Dan Simmons’s 2007 epic horror novel, The Terror, is the finest work of his I’ve read yet. A historical fiction, this long story documents the failed 1845 Franklin Expedition.
It’s been a long time since I’ve read a horror novel of this stature. I’ve read a lot of short, grisly stuff lately, so it was nice to kick back with something by Simmons: he who is known for painstakingly detailed, complex narratives. This one challenged me — especially some bits toward the end — and I liked that.
Told in alternating perspectives from several crew members on the two icebound ships, the pace never really relents and Simmons is able to keep the story interesting. I always wanted to know what happened next. And, without my realizing, a large and complex world had been created, one filled with men I truly cared about and wanted to see live . . . but we all know how the Franklin Expedition went. Part of the horror in this novel comes from the inevitable: we know these men will die; it’s a matter of timing and circumstance. Simmons handles his large cast of characters with a deft, skilled hand, and he makes each death meaningful, heartbreaking.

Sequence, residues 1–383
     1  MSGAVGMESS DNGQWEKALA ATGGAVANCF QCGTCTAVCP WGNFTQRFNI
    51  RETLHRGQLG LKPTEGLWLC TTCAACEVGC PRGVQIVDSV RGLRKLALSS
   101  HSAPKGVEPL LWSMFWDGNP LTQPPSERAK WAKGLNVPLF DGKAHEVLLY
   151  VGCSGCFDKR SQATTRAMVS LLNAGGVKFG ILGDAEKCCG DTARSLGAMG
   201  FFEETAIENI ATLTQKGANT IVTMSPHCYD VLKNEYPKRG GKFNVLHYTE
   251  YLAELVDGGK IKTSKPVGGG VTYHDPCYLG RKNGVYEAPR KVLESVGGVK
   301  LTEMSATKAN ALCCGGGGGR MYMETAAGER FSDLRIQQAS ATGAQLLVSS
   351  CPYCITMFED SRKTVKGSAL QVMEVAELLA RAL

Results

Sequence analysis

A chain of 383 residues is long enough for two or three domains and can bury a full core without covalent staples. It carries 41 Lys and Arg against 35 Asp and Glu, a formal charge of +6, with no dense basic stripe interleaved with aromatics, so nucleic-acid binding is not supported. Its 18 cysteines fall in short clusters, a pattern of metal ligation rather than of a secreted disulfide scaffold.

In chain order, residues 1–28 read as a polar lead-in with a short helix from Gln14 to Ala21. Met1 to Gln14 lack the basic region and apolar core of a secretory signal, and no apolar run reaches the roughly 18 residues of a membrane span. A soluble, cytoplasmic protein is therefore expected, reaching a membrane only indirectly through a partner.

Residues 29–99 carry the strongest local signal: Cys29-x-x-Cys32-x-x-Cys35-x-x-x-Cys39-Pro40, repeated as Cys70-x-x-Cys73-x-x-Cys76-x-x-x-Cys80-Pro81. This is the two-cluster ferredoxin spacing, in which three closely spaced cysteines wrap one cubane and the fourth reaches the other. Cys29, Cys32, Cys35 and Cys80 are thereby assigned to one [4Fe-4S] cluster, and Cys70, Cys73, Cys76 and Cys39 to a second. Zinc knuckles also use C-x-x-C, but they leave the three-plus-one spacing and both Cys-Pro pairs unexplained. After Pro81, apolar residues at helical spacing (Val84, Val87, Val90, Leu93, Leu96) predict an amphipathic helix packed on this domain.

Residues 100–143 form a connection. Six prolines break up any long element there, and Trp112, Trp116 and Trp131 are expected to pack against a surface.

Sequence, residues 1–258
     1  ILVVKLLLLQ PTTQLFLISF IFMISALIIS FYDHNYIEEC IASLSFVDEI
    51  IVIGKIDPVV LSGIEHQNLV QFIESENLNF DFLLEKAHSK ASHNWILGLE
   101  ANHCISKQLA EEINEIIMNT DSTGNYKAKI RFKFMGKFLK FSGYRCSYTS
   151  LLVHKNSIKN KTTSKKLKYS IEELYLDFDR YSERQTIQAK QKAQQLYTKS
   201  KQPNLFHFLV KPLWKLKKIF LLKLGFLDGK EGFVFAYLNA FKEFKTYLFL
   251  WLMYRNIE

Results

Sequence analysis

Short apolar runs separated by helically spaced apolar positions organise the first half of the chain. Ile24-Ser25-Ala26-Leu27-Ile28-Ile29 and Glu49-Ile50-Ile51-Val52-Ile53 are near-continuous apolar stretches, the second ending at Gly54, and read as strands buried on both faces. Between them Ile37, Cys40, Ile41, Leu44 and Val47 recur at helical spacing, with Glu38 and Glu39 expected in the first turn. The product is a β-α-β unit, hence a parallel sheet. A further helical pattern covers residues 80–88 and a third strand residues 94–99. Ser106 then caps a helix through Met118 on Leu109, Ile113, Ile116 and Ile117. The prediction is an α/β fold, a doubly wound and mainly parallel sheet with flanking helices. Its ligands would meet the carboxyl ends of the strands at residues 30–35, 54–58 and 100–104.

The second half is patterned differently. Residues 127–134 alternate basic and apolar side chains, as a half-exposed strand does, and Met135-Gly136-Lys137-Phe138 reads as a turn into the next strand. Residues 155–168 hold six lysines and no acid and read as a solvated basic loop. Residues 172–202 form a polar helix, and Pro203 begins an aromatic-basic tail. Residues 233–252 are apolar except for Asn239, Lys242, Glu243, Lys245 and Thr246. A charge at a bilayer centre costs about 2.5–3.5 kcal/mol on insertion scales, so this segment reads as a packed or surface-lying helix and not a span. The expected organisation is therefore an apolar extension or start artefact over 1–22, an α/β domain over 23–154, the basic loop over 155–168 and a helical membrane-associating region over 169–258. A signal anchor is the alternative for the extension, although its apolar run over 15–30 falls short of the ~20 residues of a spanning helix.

I was afraid I wouldn’t like The Terror; I thought I might get bogged down or bored. But I didn’t. I really enjoyed myself! And now I can’t wait for the television adaptation.